I believe the best example of sexual energy expressed in sound is Led Zeppelin. Whenever they played live Jimmy Page seemed to stagger around the stage as if he was drunk, but he wasn`t drunk. It was just that the hurricane of sexual force that blew out of his amp was too much for even Jimmy to withstand. Now I`m sure that most people are aware that rhythmically beating drums awaken the sexual forces. Africans were despised and envied

Brake systems

Motor , Sep 1999 by Layne, Ken

The International Automotive Technicians` Network (iATN) is an organization of about 23,000 professional technicians, worldwide. One of its principal functions is to provide mutual assistance and problem-solving advice for its members through Internet e-mail forums. One of the most popular topics-right up there with driveability and OBD II diagnosis-is brake problems. It may seem strange that technology as wellestablished as hydraulic brake systems could generate so many service headaches for technicians and shop owners, but it does. And often the solution to a nightmare problem is found in the application of basic brake principles. So let`s review "Brake Systems lA" with an eye toward gaining some troubleshooting insight.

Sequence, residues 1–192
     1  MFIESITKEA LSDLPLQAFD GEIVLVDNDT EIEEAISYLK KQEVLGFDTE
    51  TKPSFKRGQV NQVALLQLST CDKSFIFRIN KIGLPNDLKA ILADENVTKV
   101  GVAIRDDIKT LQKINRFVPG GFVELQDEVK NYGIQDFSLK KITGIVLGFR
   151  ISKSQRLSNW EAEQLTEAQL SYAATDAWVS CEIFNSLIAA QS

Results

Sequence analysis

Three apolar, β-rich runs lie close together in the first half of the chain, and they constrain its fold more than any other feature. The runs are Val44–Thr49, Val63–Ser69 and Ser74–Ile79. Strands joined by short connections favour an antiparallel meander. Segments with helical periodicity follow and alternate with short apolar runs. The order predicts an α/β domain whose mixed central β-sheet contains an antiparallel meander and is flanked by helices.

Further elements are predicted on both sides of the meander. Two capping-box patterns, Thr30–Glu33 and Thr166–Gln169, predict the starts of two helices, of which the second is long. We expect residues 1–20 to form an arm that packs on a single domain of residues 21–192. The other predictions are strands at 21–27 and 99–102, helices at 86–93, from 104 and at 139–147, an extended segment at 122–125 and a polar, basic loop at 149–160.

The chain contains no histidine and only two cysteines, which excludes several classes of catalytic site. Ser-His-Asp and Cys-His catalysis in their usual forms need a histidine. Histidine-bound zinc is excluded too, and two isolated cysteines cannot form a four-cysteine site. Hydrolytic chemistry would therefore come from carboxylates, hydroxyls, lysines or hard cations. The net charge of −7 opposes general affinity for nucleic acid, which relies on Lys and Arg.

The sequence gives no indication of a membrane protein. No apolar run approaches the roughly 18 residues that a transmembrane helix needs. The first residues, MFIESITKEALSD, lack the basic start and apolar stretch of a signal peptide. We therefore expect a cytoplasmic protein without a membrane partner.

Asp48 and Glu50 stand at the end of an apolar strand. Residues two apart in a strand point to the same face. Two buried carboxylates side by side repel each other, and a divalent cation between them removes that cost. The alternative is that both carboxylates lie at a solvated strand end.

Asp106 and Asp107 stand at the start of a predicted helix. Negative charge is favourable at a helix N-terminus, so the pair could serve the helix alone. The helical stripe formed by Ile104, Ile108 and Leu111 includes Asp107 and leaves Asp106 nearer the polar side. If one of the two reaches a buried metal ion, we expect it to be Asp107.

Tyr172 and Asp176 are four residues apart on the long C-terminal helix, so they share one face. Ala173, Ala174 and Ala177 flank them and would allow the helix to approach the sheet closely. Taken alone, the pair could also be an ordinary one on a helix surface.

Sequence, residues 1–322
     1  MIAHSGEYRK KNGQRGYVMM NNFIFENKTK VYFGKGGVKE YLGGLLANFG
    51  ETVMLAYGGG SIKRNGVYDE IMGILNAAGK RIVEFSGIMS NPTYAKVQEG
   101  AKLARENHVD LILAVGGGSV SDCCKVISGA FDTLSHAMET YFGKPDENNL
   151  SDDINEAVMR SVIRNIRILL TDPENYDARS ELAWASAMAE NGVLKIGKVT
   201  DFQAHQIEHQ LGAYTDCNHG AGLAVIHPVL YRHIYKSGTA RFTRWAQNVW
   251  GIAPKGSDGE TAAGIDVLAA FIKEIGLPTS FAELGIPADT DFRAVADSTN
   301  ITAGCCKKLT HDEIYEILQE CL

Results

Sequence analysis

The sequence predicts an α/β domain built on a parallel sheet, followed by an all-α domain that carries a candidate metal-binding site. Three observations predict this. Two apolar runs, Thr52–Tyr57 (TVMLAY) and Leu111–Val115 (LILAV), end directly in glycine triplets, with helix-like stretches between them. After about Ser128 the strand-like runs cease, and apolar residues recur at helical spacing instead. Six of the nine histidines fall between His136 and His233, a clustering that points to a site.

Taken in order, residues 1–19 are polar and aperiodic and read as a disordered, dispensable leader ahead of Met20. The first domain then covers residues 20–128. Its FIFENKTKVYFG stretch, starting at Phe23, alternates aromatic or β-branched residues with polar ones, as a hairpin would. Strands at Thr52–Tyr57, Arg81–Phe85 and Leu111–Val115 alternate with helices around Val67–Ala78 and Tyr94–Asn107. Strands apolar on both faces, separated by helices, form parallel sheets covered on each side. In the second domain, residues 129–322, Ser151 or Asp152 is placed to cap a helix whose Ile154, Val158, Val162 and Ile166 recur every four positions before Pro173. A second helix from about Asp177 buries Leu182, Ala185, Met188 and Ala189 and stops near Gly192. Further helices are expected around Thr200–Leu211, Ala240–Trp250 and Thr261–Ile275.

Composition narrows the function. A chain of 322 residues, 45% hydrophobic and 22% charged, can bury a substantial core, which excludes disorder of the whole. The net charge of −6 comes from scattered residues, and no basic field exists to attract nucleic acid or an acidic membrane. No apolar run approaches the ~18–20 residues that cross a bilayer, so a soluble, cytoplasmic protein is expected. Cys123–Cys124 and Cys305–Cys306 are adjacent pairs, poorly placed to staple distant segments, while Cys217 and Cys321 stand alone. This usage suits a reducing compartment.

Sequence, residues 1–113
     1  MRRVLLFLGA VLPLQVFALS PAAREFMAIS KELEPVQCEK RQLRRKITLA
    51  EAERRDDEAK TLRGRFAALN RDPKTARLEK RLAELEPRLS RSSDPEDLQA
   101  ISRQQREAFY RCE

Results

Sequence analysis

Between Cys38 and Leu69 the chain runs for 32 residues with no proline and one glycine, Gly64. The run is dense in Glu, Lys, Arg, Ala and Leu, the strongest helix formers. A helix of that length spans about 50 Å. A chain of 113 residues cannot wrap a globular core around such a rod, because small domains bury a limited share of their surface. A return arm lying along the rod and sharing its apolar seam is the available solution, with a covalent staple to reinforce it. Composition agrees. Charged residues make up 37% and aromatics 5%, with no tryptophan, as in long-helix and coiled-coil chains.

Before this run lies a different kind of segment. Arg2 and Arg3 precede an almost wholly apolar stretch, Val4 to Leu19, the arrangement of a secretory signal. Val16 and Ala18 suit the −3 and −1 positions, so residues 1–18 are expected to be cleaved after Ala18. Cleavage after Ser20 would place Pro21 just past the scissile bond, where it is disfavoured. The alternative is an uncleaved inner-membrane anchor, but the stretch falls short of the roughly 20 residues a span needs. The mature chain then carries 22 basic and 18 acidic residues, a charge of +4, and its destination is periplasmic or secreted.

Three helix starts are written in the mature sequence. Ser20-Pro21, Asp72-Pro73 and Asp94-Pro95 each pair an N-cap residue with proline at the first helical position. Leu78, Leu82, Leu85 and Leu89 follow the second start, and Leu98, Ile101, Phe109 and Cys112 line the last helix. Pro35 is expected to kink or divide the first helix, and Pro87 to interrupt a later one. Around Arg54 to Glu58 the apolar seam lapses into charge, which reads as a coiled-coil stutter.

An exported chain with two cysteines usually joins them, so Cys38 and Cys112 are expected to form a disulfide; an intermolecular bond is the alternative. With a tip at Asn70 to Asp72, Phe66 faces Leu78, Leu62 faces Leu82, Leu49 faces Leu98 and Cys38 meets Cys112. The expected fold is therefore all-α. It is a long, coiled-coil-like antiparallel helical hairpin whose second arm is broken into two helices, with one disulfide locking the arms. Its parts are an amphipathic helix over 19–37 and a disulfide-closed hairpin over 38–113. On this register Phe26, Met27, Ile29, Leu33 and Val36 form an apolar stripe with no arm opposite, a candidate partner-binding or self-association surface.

Brake operation is not abstract theory but a great example of applied science. We can look at brake troubleshooting from two engineering viewpoints-conversion of kinetic energy to thermal energy, and the application of hydraulic principles. Let`s start with stopping power and then move to the hydraulic applications. Energy Conversion